Today millions of us will make promises to transform our lives and appear, Stars-In-Their-Eyes-like from a curtained walkway on the 1st of January, having been persuaded to lose the Christmas bulge, nagged to stop smoking, or guilted into getting fit. No matter what you choose, I like to think there’s something a little magical about making a New Year's Resolution, endless enthusiast that I am.
Yesterday I looked through last year's resolution list with my junior editors and it was pointed out with some derision that several thus far un-achieved items will have to roll over to 2020. Sigh. After shelving the most popular suggestion of "eat more chips", we agreed that there was no shortage of new promises to make, largely thanks to the new kid in town: the climate emergency. This issue is creeping in everywhere like the smell of burning toast; we all know something's gone very wrong, we're all hoping some simple wafting will be effective, and secretly crossing our fingers that it's not our fault (instead can we blame our neighbours? Ahem).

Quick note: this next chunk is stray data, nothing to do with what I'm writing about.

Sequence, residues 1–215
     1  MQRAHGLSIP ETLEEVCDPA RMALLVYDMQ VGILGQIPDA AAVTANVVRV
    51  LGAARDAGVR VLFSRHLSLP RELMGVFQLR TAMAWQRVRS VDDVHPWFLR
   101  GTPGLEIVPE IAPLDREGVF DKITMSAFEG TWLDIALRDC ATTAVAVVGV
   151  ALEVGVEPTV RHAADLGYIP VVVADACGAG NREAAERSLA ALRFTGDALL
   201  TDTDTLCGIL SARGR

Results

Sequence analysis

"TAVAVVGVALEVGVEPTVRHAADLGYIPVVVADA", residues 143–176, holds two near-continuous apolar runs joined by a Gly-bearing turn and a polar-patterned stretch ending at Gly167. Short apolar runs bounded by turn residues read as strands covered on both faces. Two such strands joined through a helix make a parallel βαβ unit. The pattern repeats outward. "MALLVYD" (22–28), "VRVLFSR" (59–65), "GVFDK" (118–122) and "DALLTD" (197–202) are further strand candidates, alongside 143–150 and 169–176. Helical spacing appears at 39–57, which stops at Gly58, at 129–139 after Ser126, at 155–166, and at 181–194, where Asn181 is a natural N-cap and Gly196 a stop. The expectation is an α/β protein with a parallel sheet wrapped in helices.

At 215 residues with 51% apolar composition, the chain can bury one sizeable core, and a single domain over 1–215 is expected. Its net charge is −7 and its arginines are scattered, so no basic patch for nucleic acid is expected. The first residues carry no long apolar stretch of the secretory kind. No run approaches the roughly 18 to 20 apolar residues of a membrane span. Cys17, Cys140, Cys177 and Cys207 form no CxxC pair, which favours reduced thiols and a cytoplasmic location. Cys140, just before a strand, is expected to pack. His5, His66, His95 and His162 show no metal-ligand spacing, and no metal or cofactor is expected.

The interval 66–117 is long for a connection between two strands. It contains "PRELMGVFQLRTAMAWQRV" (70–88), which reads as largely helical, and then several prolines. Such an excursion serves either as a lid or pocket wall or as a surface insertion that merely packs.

But great news guys, there are many simple, easy, non-bankruptcy-invoking things you could consider adding to your list that will help the planet. For instance, how about making a pledge to always take a bag for life to the shops? Shopping locally to reduce food miles? Telling the pharmacist you don’t need that paper bag before they’ve dispensed your pills? Walking to work or school rather than driving? Switching away from bottled water to tap or filter? Trying non-dairy milk? How about adding 'our progress with climate change' to your weekly team newsletter or meeting agenda? Set up an eco-club at your school or workplace? Write to you local MP to ask for better recycling in York, or even - with basic potato print shapes - to the Prime Minister? The list is endless...
I'm proud to say that my very excellent colleagues here at OSMP are all shining examples of what can be achieved if we consider what small manageable changes we can make. In just 7 months we have reduced our reliance on plastic bottles and bags, improved our recycling, cut down on printing, switched to Fairtrade coffee, Dr Guion is eating more plant-based foods, we consider reverse supply chains for our suppliers, and express our outrage at ridiculously packaged products. But above all, we are more aware of the problem. We are better able to advise patients, for example switching to lower carbon footprint inhalers, and directing them to local social initiatives to help with physical and mental health difficulties. Many of us have carried these changes into our homes, and this is how the message of hope will continue to spread, or so I tell everyone. Patriotic music and a drum-roll please. We can still salvage the burnt toast, it just needs a quick scrape of dairy-free spread and home-made marmalade. Yum.
Wishing everyone a happy, healthy and carbon-curious 2020